[1] It is our opinion that the defendant's answer and his evidence constituted an outright admission that he used a method of treating plaintiff's leg which he knew at the time was not proper and would not bring about a satisfactory result. It amounts to a confession and avoidance. Plaintiff, as well as his father, emphatically denied that plaintiff refused to submit to an operation as claimed by the defendant, and that the defendant at any time suggested an operation as stated in his answer and deposition. Whether or not plaintiff refused to submit to an operation and whether the defendant advised such an operation were, under the conflicting evidence, questions for a jury to decide. We rule therefore that plaintiff made a case for a jury.

[2] Respondent asserts that since plaintiff introduced the deposition of the defendant he was bound by the evidence thus introduced and therefore his case must fail. To this we cannot agree. The deposition of the defendant contained damaging admissions and plaintiff had a right to introduce it for the purpose of aiding his case. Plaintiff would have been bound by the evidence, if the evidence of the doctor as to his advice to plaintiff to submit to an operation and as to plaintiff's refusal, had been the only evidence on that point. But plaintiff denied that he refused or that the doctor advised an operation. Plaintiff had the right to introduce evidence contradicting that given by the defendant even though the plaintiff called the defendant as a witness. [See 70 C.J., 1156, sec. 1341, page 1159, sec. 1342, and cases there cited.] In Smith v. Ohio, Millers' Mut. Fire Ins. Co., 320 Mo. 146, 6 S.W.2d 920, l.c. 929 (15), this court said:

"As said in Black v. Epstein, supra, 221 Mo. l.c. 304, 120 S.W. 760, a party may not directly impeach his own witness, but it does not follow that he cannot introduce other evidence, if of independent probative force, even though it be contradictory of what the witness said. [Maginnis v. Mo. Pac. Ry. Co.,268 Mo. 667, 675, 187 S.W. 1165.]" [See also United Factories v. Brigham, 117 S.W.2d 662, l.c. 666 (7); Jones v. Chi., R.I. P.R. Co.,341 Mo. 640, 108 S.W.2d 94, l.c. 97 (1-4); Lolordo v. Lacy,337 Mo. 1097, 88 S.W.2d 353.]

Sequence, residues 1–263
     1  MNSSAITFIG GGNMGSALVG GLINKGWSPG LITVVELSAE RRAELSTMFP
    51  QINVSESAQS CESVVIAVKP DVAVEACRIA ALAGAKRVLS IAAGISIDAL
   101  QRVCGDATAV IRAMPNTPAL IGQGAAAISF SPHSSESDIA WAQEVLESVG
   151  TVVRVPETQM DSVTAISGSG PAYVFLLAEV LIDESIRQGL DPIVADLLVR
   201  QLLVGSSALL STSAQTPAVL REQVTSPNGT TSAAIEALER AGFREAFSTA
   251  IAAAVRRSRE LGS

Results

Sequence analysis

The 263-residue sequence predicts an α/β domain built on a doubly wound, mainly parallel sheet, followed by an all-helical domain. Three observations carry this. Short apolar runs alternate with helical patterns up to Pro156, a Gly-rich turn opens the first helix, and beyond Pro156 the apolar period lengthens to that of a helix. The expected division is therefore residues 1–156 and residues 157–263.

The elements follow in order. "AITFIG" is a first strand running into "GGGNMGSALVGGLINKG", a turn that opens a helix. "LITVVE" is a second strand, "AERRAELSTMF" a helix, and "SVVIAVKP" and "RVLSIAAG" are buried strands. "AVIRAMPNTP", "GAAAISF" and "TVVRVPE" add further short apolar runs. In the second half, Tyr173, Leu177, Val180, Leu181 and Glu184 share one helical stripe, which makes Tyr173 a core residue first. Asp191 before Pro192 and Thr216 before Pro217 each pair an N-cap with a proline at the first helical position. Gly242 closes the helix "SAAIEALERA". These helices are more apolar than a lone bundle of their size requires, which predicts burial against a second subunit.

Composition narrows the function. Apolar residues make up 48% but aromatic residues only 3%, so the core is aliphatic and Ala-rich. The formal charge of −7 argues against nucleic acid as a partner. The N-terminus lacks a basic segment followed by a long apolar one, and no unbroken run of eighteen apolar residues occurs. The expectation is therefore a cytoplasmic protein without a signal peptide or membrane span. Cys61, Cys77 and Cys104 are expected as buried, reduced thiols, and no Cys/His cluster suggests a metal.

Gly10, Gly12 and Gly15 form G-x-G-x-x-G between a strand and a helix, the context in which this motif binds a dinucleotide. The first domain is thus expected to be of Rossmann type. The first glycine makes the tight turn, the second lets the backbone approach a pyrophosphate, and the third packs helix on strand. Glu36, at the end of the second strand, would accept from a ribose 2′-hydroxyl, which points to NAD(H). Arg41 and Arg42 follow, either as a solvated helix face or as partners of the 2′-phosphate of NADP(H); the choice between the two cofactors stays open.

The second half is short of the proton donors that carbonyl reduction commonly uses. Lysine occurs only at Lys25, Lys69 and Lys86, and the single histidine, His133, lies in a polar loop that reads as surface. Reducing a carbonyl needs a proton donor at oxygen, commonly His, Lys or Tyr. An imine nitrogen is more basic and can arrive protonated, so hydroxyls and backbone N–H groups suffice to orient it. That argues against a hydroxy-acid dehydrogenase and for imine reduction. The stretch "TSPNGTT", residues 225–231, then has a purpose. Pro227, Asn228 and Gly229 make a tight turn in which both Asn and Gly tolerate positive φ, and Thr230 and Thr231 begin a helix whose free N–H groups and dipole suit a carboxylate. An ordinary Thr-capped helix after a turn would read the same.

[3] Respondent urges that plaintiff introduced no expert evidence to prove that the defendant was negligent in using a skeletal traction *Page 137 method in setting plaintiff's leg in lieu of an operation; that defendant had the right, under the circumstances, to use his own best judgment as to the method of reduction and treatment of the broken leg. But it must be noted the defendant's own evidence was, that he used a method which he knew was not practical under the circumstances and would not accomplish a satisfactory result. A dozen expert witnesses could not have added much to that. Expert evidence is not always essential in malpractice cases to make an issue for a jury. [48 C.J. 1150; Seewald v. Gentry,220 Mo. App. 367, 286 [660] S.W. 445, l.c. 449(6).] It has been held in some cases that the result of the treatment itself may be sufficient. [Evans v. Roberts, 172 Iowa 653, 154 N.W. 923; Wharton v. Warner, 75 Wash. 470, 135 P. 235.] In the case before us the X-ray photograph of plaintiff's leg, taken before the operation by Dr. Kleinfelter at the hospital in St. Louis, disclosed a very unsatisfactory result. That, coupled with the defendant's admissions, and the further fact that the operation in St. Louis was a success, certainly made a case for a jury. The question of whether plaintiff refused to permit the defendant to perform an operation was, as stated above, a question for a jury.

The judgment is reversed and the cause remanded for trial.Bohling and Barrett, CC., concur.

The foregoing opinion by WESTHUES, C., is adopted as the opinion of the court. Ellison, J., and Tipton, P.J., concur;Leedy, J., doubtful.